Duration : September - June 2019
Tools : Sketch - After Effect - Principle - Keyshot
Skills : UX/UI - 3D Modeling - Prototyping - Industrial Design
INSREM - National Institute of Health and Medical Research
Falling asleep in front of the screens is increasing more and more, it slows down the production of melatonin, hormone that regulates the sleep–wake cycle. For people with sleep disorders, stimuli are important to avoid repeating and rethinking too many things, which often interfere with their sleep. How to facilitate the sleep phase?
© Photo : HEX/Corbis
The idea is to create a new experience to fall asleep, thanks to a connected object located on our bedside table and a companion application on our phone. The object projects an animation on the ceiling, to visually stimulate the user and regulate his breathing rhythm. The use of video projection means that there is no blue light, which slow down sleep.
The experience is new every night thanks to the algorithm that recovers data from the user's smartphone. Each evening is a different experience as when you are used to watching a movie or series on Netflix. The data are then transformed into abstract and bewitching forms to create a visual and sound experience.
The next day the user can return to the application if he wants to know what each animation he saw corresponded to, given that they are based on what he had done during the day.
For this project I decided to use the Agile Method, the 15-day sprinting gives a better visibility of the development progress, the respect of the schedule and the prioritization of tasks. We have follow-up sessions with a teacher, the use of this work method will allow me to give him a greater immersion in my progress and to have more constructive feedback.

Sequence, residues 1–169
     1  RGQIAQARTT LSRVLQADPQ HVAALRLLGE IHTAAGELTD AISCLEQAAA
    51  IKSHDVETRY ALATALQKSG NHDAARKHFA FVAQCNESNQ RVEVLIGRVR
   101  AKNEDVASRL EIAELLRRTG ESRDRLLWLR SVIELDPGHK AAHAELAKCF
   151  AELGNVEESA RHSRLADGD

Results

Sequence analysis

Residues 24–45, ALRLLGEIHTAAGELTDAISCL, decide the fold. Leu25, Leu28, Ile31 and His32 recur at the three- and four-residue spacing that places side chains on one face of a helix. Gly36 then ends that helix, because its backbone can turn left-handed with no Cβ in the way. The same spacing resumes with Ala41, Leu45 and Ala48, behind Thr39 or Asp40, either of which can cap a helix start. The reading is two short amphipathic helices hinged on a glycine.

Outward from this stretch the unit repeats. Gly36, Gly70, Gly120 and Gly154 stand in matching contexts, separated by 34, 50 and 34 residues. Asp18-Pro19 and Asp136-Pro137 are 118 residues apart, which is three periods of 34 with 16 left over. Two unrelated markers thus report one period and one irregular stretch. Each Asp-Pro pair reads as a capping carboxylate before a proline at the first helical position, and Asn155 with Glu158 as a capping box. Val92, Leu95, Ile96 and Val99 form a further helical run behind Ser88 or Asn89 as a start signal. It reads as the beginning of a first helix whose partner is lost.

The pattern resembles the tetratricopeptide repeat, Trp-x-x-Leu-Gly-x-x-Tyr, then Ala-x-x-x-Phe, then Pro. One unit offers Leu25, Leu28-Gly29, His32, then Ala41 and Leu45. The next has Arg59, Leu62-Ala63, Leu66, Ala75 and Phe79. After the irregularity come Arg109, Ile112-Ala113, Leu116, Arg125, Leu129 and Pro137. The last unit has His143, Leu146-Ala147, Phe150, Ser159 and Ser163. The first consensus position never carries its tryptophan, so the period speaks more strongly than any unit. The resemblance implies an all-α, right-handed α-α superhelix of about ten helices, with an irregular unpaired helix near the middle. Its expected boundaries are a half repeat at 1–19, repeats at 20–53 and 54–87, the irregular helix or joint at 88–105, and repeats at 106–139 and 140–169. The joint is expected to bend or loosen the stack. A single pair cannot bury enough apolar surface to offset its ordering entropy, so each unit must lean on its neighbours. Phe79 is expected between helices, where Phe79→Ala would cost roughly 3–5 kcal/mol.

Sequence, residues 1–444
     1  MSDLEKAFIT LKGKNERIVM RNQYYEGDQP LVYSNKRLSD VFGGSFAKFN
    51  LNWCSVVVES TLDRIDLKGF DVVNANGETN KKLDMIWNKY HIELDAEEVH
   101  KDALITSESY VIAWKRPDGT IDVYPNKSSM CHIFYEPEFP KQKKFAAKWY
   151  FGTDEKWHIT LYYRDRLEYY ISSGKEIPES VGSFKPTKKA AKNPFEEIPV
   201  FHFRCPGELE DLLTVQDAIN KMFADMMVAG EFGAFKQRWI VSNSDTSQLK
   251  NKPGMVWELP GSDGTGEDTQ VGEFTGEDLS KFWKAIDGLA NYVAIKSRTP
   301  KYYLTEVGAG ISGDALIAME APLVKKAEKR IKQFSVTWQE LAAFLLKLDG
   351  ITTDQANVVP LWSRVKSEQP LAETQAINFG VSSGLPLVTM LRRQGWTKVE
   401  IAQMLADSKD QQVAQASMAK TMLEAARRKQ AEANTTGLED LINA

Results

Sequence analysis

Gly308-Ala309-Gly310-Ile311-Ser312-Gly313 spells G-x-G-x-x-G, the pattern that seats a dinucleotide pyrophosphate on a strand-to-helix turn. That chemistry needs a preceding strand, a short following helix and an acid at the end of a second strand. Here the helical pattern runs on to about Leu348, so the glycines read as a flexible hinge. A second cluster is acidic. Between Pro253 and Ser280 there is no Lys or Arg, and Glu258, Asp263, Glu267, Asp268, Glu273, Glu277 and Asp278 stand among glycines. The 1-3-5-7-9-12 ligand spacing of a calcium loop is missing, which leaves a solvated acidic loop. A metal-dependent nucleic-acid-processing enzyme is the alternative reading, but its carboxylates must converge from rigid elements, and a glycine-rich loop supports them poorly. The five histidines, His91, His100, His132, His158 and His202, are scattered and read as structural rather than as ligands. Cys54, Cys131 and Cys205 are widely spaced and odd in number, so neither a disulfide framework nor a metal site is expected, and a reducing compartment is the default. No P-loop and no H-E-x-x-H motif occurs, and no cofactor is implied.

I started with a research phase, I looked at concepts or objects that were associated with an application to see its uses. How this synergy worked. In my case, the use of the object had to be quick and simple since the user need time to fall asleep, it had to be not constraining.
© Photo : ouest-france.fr
I met Sylviane Pilette, consultant in stress and emotion management. She taught me about the different uses of the principles of mindfulness meditation for people suffering from stress and sleep disorders. You have to leave your day behind either to better understand your night. Patients are therefore often advised to tell themselves about their day out loud. Or to write it down, which then allows them to think less about it while they sleep.
For this phase I was accompanied by an industrial product design student, Marie Donnou, who informed me about the feasibility of the product. She was a great help to me in thinking and designing the object.
The product is a 15cm square platform with a height of 1.5cm, the left part is for sound and video projection. You pause your phone on the right side which embeds the NFC and wireless charging, which allows you to be 100% battery powered in the morning.